On Sunday, April 29th, Milwaukee's Florentine Opera Company presented a very fine production of "The Barber of Seville," by Gaiocchino Rossini. "Barber"is one of those shows that the experienced opera goer may wince when we see it on the season program, since it is one of the most performed operas in the world, along with "La Boheme," "Marriage of Figaro," "Tosca," "La Traviata," and "Madama Butterfly." Enjoyable as all these are, one mostly goes hpoing to see something a bit new and different. Fortunatly, this "Barber" did not disappoint. What particularly enlivened this show was some exceptional casting. Brian Downen, as Count Amalviva, is a lighter tenor, which requires him to actually act to get his part across, which is a welcome departure from many Amalvivas who are content to let Figaro do the clowning while they concentrate on singing and looking gorgeous. Not so say that Downen was not a fine singer--he was. The typical Rosina, in my experience, tends to be small, blond, china-doll pretty, and a pure soprano. Jennifer Rivera is taller, red-haired, striking, and a mezzo-soprano. Her darker tone added a very interesting maturity to the role which is often played as though fifteen and girlish. Rivera's Rosina was much more forceful and mature woman, which adds a lot of "bite" to her "I'll be a viper" aria, in which she describes her temper if her desires are thwarted. Having a more subtle Amalviva and a more powerful Rosina put their courtship on a much more equal level. Rosina was a woman chafing under her guardian's rule who knows her own mind, as opposed to the green girl dazzled by the worldly Amalviva.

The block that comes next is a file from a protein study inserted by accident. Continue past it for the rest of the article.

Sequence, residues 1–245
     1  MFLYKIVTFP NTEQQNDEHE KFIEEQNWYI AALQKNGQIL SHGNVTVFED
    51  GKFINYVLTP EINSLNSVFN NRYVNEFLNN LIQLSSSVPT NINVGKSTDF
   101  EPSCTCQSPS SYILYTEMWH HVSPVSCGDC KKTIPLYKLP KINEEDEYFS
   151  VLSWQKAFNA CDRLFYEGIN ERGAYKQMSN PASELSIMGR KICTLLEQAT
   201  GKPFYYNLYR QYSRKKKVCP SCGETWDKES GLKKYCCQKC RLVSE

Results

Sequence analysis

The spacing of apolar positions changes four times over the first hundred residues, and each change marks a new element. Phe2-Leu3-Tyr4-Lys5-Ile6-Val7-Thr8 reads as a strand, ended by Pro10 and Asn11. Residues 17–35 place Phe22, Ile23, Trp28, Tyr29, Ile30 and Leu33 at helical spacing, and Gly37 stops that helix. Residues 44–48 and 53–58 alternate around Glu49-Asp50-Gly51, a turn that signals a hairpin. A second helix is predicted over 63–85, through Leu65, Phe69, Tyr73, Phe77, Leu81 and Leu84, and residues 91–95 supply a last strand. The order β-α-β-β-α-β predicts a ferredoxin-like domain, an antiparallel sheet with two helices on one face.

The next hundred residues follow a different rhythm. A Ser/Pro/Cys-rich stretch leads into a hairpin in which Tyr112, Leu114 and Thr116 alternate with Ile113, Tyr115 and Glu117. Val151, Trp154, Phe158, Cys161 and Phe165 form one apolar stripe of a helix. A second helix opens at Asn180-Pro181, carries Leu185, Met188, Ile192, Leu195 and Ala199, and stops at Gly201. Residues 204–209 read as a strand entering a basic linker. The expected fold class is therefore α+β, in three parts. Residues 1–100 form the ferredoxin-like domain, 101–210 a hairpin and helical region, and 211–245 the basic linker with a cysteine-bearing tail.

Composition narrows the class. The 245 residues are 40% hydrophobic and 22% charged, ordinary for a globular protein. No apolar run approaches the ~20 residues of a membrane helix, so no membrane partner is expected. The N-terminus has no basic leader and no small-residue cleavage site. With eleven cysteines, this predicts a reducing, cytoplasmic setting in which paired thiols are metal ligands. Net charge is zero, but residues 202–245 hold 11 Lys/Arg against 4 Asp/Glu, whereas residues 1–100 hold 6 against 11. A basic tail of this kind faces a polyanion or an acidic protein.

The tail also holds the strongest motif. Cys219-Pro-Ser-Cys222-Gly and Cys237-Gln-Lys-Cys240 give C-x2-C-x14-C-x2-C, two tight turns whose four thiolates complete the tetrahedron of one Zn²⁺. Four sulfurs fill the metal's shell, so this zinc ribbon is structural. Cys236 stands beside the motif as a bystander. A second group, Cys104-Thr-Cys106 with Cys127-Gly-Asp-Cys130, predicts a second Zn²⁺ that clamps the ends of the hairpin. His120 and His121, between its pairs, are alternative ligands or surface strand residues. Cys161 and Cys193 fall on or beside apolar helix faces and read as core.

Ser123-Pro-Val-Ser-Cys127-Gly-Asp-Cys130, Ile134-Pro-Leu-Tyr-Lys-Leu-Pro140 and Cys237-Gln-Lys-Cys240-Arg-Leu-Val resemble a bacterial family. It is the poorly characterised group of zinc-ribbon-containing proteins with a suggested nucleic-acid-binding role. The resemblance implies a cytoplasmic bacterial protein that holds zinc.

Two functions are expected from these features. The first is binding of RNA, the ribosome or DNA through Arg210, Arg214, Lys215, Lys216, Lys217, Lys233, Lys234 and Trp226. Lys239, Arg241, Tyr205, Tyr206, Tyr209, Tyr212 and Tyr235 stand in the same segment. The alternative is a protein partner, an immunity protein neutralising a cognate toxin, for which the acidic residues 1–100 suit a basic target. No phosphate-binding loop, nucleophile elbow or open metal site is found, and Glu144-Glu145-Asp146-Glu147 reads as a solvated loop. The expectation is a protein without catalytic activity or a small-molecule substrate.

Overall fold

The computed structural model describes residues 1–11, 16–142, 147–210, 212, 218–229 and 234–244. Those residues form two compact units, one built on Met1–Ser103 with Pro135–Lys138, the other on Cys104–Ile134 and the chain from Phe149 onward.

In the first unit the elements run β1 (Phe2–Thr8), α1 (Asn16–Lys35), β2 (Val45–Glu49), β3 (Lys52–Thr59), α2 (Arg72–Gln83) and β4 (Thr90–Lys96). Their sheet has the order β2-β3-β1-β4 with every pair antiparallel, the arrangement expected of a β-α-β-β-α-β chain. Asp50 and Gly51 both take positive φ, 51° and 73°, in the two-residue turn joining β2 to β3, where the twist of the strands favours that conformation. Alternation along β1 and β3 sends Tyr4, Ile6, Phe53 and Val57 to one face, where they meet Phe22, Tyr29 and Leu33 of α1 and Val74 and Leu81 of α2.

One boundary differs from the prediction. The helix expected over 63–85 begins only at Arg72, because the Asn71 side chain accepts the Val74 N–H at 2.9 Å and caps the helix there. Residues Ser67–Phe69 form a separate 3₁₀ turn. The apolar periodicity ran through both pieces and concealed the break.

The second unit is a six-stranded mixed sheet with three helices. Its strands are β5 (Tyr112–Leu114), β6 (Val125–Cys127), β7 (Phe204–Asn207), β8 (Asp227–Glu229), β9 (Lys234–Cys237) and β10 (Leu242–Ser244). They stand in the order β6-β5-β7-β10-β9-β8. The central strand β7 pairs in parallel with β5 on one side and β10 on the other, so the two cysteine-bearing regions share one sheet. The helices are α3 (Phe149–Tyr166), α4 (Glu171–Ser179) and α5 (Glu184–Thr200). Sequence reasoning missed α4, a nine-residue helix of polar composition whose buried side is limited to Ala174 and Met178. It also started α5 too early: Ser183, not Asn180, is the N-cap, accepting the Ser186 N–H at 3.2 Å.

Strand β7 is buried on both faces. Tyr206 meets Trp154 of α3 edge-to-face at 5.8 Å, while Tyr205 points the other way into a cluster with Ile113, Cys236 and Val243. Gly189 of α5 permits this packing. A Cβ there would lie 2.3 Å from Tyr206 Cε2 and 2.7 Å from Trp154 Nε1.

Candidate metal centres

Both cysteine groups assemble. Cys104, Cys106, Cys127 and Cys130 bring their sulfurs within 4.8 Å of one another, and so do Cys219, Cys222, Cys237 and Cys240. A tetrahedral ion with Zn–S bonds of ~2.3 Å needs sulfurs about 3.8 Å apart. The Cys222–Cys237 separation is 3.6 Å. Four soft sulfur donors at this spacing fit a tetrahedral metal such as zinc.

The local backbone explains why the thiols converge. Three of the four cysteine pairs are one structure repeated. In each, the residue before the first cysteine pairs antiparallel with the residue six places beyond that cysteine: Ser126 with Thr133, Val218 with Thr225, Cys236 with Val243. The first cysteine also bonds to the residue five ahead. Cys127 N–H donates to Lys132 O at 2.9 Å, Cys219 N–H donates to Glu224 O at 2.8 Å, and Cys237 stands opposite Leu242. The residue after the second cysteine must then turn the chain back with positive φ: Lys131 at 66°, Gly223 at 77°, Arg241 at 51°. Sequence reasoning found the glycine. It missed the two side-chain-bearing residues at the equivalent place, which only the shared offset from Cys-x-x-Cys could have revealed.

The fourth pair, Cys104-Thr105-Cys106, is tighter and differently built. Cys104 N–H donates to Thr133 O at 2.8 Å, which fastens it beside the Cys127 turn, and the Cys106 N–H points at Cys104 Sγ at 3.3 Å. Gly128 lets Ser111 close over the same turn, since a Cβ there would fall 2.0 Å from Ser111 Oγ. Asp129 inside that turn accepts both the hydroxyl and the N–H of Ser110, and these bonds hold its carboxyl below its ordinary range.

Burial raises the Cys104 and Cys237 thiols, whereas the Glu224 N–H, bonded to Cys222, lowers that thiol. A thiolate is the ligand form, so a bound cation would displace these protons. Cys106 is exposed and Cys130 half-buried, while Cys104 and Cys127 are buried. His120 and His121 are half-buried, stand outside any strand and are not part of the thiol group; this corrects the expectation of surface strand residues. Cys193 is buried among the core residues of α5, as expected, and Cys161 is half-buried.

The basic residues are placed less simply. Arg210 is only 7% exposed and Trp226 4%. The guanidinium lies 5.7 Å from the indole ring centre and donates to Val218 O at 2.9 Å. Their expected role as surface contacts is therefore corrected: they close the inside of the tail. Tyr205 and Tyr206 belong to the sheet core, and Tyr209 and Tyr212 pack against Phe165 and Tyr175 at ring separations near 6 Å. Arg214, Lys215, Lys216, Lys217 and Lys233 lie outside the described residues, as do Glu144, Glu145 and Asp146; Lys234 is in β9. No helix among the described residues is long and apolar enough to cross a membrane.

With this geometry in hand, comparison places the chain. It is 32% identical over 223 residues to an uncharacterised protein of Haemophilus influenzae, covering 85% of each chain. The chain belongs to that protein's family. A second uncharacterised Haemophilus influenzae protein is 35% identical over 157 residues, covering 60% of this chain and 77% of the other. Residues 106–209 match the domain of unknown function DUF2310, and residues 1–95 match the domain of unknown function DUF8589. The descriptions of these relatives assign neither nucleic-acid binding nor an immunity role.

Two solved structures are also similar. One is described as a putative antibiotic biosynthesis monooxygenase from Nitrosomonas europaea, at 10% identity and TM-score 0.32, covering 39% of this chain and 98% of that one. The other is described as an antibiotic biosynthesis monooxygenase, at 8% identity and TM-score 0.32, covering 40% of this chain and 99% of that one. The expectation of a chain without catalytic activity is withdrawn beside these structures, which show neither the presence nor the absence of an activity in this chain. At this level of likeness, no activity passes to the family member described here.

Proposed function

The plot was driven by Daniel Belcher as Figaro, and played him finely as the dandy barbers were often supposed to be. Kevin Glavin filled out the major roles as the suspicious Doctor Bartolo excellently well. Critics accused Kurt Link, who played Doctor Basilio, of chewing the scenery overly much, but it is a clown role, and we thought the scenes were chewed just enough.
Fine voices all around, good costumes, a very cleverly designed set, and mostly clever staging all contributed to an excellent performance. Quibbles: I have seen the "like a statue" scene done better: I didn't find this version very clever. The orchestra, conducted by Christopher Larkin, was note-perfect, but was a bit loud in the first act, and somewhat drowned out Belcher in the famous "Figaro" song.
All in all , we must say that the Florentine continues to put on really fine opera, and I think them to be the equal of any major regional company in what they do. Next season is actually comparatively free of grand opera warhorses, being made up of "The Merry Widow," "Salome," and "Romeo and Juliet" by Bellini. Looks like fun.